On the whole, Minnesotans are a relatively healthy bunch. The state has one of the nation’s highest life expectancies and a low infant mortality rate.
“Although Minnesota’s opioid overdose death rates are lower than the U.S. average, opioids are a problem in Minnesota,” Planalp said.
As with many other issues — including education and economic well being — Minnesotans from communities of color experience worse outcomes when it comes to the opioid epidemic than the state as a whole.
Farley said the state’s overall death rate tends to conceal significant and persistent racial disparities in the opioid epidemic’s impact, linked to longstanding inequities in access to health care for people of color.
“That average masks the meaningful numbers that we had one of the highest overdose rates for American Indians and also black Minnesotans” in the nation compared to other states who reported demographic data, he said.
The state’s racial disparities in opioid overdose death rates were the worst in the country in 2015, according to the Minnesota Department of Health. The chart shows the number of deaths per 100,000 residents.
As in the rest of the country, Minnesota has seen synthetic opioid overdoses surpass prescription narcotics. Nearly 60% of the 331 deaths in 2018 were caused by synthetic opioid overdoses, up from about 44% the year before, the preliminary data show.
Sam Robertson, MDH prevention specialist, said the department is raising awareness that drugs like heroin or cocaine may contain fentanyl without the users’ knowledge, as well as emphasizing the importance of carrying Naloxone.
Young people struggle to find ‘appropriate’ treatment
Access to comprehensive treatment for opioid addiction also remains an issue in Minnesota — especially for people between 18 and 25, the age group with the highest rates of prescription opioid and heroin abuse, said Gonzalez, chair of the American Academy of Pediatrics Committee on Substance Use and Prevention.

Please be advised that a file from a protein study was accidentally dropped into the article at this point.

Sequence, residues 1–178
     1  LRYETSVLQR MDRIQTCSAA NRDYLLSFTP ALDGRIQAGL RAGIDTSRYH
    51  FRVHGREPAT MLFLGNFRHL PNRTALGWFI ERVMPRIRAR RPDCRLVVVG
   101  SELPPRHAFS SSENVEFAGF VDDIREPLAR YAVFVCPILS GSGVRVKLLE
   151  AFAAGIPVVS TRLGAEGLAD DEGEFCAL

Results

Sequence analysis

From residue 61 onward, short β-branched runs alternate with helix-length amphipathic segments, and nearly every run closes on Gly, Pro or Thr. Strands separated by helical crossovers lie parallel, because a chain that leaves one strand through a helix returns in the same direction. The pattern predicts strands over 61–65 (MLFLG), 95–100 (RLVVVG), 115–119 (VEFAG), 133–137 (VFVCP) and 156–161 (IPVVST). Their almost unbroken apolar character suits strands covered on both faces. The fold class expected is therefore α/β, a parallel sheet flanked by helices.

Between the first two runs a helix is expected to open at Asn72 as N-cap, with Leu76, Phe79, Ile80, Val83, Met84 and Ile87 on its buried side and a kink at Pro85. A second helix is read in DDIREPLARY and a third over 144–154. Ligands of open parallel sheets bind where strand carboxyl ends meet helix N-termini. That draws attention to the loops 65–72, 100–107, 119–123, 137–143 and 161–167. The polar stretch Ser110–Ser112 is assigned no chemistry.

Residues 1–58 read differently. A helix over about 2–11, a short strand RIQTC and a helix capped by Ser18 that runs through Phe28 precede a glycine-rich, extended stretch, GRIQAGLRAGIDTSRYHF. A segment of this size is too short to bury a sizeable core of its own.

Young adults have lower retention rates in treatment than older age groups, Gonzalez said. He and a team of five experts rely on medication and therapy in their work with the younger demographic.
Gonzalez said he’s aware of just one other team targeting opioid use disorder among youth in the United States. Most clinics treat people of all ages, which he said is important for the broadest possible impact but means young people often don’t receive developmentally appropriate care.
“We have a lot of diversity not only in ethnicity and race, but also in who’s married, who has kids, who has some educational experience, who’s working three jobs … and what the family construct is.”
Minnesotans outside the Twin Cities have it especially hard. Gonzalez said some of the 60 young adults working with his team drive hours to the clinic. He’d like to expand their reach in the near future.
“People taking on these small pieces of the puzzle together are going to be critically important to make a network so that … young people don’t fall through and don’t end up dying,” Gonzalez said. “Once a kid is able to get some stability, there’s no reason they can’t then get on with their lives and go on to do all sorts of things.”